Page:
When White was coming up as a fiddler in the 1970s, he was often one of only a few Black people at old-time gatherings. But his playing would spark memories for the older white musicians, like Jarrell. Seeing White bow his fiddle reminded them of an era when it was commonplace for Black and white old-time musicians to play together. “A lot of what I advocate is that old-time music is not a Black music, it’s not a white music. It was alwaysplayed together,” White said.
But White explained that at a certain point, Black people started to feel less welcome at old-time gatherings. “A lot of the young people who might have continued those traditions, didn’t find comfort in going to those festivals. So as a result, the music was being lost in the Black community,” White said.
Other kinds of music—like blues and jazz—also started becoming more popular. “People didn’t want to square dance anymore. They wanted to shake their booties,” White said.
But on occasion, Earl did run across other Black old-time players at festivals. Like the time he met Joe Thompson, a master fiddler from Mebane, North Carolina. “When he saw me standing there playing, I thought the guy was gonna faint, you know. Or die, or something,” White said. “He thought he was the only and the last Black fiddler in the whole world.”
Meeting Joe Thompson sent White on a quest to find other Black fiddlers. But he had trouble tracking down historical details. “You saw a lot of pictures of Blacks holding banjos and Blacks holding a fiddle, but there’s generally no names associated with the people,” White said.
White explained that this erasure of Black contributions is another reason that old-time has been less popular in Black communities in recent decades. “If you don’t see yourself represented in the music, then there’s no reason to feel like you’ve ever had any kind of connection to it,” White said.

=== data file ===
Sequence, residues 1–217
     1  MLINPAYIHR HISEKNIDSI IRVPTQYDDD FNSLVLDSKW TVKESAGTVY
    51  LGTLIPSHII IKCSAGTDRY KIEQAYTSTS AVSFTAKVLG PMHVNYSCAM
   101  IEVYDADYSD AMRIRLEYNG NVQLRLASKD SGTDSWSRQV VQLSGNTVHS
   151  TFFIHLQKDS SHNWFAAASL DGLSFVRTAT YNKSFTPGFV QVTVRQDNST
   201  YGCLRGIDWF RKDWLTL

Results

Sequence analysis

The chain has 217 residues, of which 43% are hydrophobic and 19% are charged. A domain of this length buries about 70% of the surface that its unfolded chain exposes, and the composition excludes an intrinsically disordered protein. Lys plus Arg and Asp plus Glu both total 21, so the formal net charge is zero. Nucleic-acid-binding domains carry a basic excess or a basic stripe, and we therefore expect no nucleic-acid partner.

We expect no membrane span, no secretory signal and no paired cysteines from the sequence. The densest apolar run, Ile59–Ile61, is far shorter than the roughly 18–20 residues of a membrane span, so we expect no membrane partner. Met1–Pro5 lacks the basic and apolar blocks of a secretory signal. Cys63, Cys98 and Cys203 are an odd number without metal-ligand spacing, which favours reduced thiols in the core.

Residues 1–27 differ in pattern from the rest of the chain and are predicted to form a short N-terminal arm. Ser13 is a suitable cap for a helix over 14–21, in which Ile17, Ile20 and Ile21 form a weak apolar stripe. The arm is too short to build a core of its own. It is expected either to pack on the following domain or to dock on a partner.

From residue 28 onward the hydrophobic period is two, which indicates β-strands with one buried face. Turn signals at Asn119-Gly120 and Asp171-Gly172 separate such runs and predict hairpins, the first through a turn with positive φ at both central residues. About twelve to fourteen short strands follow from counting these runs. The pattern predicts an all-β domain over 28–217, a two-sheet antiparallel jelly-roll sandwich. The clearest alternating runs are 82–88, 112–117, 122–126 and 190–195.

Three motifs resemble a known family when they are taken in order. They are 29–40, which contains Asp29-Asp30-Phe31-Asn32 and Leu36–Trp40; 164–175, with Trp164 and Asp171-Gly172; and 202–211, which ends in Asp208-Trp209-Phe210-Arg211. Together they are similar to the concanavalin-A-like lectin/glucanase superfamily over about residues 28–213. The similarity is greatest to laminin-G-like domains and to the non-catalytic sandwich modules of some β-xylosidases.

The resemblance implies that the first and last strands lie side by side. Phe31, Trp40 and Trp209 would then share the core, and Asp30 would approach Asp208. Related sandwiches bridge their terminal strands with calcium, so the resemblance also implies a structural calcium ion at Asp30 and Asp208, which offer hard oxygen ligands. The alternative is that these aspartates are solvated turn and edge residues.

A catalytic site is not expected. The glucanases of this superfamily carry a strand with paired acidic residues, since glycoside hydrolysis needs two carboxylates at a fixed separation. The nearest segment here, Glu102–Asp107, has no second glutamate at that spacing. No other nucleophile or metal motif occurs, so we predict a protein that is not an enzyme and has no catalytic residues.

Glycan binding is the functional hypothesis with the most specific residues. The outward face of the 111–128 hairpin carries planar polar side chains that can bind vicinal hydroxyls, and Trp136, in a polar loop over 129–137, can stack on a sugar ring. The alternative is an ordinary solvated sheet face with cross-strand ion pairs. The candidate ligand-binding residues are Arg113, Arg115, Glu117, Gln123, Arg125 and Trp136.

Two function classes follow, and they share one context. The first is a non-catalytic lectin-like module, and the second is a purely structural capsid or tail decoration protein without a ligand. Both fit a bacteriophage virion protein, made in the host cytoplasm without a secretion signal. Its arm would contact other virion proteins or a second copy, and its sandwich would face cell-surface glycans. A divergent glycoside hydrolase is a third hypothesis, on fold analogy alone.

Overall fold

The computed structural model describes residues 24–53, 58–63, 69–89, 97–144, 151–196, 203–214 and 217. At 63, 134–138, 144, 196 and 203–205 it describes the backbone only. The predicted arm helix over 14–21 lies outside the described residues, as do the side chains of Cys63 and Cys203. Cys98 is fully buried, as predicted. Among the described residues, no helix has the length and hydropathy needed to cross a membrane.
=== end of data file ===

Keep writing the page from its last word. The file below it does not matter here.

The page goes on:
But White is trying to change that. He regularly gives presentations about the participation and influence of Black players, and he organizes events around Floyd County that promote Black roots musicians. He, and his wife and bandmate Adrienne Davis, have also started a music camp on their farm called Big Indian Music Camp. “To me, part of that preservation is teaching the younger people,” White said.
At this point, most of White’s fiddle students are white. But he is teaching his pre-teen and teenage sons to play. And he hopes that by being an ambassador, he can continue to perpetuate Black traditions in old-time music. “If a young Black person sees another Black person playing, then they can say, ‘Oh wow, I can do that!’ And might be inspired. And so that’s a lot of my focus outside of the fact that I just personally enjoy it. I just love it,” White said.
This story is part of the Inside Appalachia Folkways Reporting Project, a partnership with West Virginia Public Broadcasting’s Inside Appalachia and the Folklife Program of the West Virginia Humanities Council. The Folkways Reporting Project is made possible in part with support from Margaret A. Cargill Philanthropies to the West Virginia Public Broadcasting Foundation. Subscribe to the podcast to hear more stories of Appalachian folklife, arts, and culture.